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Police garage not "detention" for right to phone call


In January, the Iowa Supreme Court examined whether a Sheriffs Department “Sally Port,” or, garage, when used to administer field sobriety tests on a suspected drunk driver, was a place of “detention” that triggered the right to a phone call. The Supreme Court held that it was not.

In State v. Robert Davis, a Muscatine County Sheriffs Deputy dispatched to a car accident in a snowstorm. The deputy suspected one of the drivers in the accident may be intoxicated based on the boilerplate language of every police report anywhere in Iowa: bloodshot watery eyes, slurred speech, and an odor of alcohol about their person.

At that point, the deputy made a decision to transport the suspected drunk driver to the nearby law enforcement center where there was a “sally port,” or, garage area suitable for testing outside the elements.

The driver wanted to call his wife before leaving the scene but the deputy denied that request and informed the driver he could call her after SFSTs. According to the opinion, the driver “failed” two standardized field sobriety tests, was arrested, and moved to OWI processing, where he called his wife and met with his attorney personally. After doing so, he submitted to chemical testing providing a DMT test result positive for .128 g ETOH/210 L breath.

He moved to suppress the SFSTs and the DMT test result on the basis that the deputy’s denial of a phone call until after he was tested in the sally port constituted an unreasonable denial of the right to a phone call inside a place of detention pursuant to Iowa Code § 804.20.

A district court suppressed the field sobriety tests at the jail’s sally port as in violation of Iowa Code § 804.20, finding that the sally port was indeed a “place of detention.” However, the district court did not suppress the DMT because he spoke to his wife and met with his attorney beforehand. He tried the case to the bench on a suppression hearing transcript and a number of exhibits and the district court judge found him guilty. The Court of Appeals affirmed.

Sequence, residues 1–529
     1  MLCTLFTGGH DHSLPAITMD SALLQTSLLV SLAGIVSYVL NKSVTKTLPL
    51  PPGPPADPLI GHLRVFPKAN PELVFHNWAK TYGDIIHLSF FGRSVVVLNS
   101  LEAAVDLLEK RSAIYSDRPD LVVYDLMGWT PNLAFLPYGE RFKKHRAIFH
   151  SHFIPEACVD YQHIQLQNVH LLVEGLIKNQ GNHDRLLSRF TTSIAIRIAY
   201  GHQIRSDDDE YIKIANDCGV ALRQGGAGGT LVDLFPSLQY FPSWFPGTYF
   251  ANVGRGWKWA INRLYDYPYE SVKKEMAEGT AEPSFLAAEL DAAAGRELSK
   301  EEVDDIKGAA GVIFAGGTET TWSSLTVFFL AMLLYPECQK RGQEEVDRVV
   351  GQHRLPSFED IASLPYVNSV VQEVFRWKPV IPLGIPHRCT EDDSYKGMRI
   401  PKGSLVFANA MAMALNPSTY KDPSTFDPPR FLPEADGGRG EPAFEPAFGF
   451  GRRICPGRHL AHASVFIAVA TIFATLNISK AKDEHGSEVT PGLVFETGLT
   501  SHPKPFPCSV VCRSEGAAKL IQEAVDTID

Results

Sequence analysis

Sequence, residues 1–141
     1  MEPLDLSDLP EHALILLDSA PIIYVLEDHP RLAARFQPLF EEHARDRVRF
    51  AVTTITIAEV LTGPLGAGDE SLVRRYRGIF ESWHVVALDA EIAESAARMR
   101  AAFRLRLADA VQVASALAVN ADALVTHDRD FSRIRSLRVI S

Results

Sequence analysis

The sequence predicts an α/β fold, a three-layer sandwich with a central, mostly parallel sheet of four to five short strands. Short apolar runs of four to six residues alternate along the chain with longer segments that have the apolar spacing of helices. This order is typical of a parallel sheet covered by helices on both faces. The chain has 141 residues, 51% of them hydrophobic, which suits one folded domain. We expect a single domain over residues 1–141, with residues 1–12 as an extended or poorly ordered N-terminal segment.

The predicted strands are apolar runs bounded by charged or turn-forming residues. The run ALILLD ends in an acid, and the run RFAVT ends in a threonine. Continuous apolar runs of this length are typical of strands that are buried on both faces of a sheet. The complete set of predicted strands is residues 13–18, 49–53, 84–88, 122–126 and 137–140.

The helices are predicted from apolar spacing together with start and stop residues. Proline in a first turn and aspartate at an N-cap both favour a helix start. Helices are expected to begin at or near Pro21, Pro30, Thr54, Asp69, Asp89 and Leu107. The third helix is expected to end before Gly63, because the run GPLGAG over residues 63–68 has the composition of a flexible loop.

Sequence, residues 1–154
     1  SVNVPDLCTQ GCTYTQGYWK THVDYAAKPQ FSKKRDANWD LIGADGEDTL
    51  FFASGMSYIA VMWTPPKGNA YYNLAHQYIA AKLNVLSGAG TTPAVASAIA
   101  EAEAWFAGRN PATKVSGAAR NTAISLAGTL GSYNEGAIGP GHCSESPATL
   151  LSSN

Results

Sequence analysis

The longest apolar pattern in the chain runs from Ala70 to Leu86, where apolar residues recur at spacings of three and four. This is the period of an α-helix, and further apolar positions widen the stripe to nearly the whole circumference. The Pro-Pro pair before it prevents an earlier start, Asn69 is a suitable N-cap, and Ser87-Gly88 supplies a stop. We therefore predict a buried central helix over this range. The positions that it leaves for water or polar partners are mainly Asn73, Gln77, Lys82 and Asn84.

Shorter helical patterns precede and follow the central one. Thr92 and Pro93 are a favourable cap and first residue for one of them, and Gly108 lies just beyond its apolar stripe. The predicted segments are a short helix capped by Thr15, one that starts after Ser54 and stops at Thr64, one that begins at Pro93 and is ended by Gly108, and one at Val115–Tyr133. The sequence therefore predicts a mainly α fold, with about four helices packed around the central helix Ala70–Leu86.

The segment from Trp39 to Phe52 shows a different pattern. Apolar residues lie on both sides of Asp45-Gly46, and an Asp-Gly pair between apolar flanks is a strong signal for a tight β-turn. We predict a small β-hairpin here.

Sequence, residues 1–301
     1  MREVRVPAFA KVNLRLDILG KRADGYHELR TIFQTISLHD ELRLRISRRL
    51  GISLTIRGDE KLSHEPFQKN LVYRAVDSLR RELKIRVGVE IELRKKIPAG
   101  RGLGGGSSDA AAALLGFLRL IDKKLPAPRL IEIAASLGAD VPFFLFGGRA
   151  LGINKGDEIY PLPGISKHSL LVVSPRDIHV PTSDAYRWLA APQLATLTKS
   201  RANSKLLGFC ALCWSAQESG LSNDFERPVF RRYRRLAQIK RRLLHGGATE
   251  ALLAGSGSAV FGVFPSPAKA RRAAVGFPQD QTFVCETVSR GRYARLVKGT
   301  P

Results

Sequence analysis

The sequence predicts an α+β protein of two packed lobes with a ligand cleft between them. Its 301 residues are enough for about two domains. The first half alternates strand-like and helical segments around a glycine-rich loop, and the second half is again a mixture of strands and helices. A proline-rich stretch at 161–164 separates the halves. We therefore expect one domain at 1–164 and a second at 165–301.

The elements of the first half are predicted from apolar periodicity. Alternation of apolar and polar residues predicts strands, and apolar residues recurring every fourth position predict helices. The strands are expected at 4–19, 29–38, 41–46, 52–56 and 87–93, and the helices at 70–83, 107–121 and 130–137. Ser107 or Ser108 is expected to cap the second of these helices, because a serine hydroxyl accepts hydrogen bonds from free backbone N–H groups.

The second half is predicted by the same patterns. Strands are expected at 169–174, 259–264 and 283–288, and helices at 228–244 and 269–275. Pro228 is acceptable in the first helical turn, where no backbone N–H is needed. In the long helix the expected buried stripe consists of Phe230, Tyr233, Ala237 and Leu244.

Writing for the Court, Justice Mansfield synthesized two cases in which the Iowa Supreme Court seemingly presented alternative holdings—one suggesting that field sobriety tests are part of an investigative process that would not be served by interruptions caused by phone calls and the the other suggesting that a summary conclusion that a suspect was “technically under arrest” but for one more test ended the investigation on the highway and entitled a defendant to a phone call in the patrol car.

Justice Mansfield cautioned against contrasting these cases and urged that they could be read together to require the completion of field testing before triggering the right to a phone call. The Court also explicitly stated that there was no difference between the sally port and the roadside:

“It is undisputed that the location of the testing was shifted only because of bad weather: it was snowing at the time and there was already a two to three inch snow cover on the ground,” wrote the Court.

“In statutory terms, the sally port was not a ‘place of detention,’” continued Justice Mansfield, adding that sally ports are for cars, not people, and that “the fact that the sally port was attached to the jail is immaterial” because the test subject was no more restrained in the sally port than it would be at the scene of the accident.

The court went on to say the limited, statutory right to contact a family member or counsel must be fulfilled before being required to submit or refuse a chemical test—and that it happened here.

NOTE: David A. Cmelik Law PLC had no involvement in the Davis case.

If you or a loved one have been arrested for OWI in Cedar Rapids, Iowa City, or other Iowa community, contact David A. Cmelik Law PLC at 319-389-1889. However, remember that a blog is not legal advice and that sending unsolicited information to a lawyer over the internet does not establish an attorney-client relationship.

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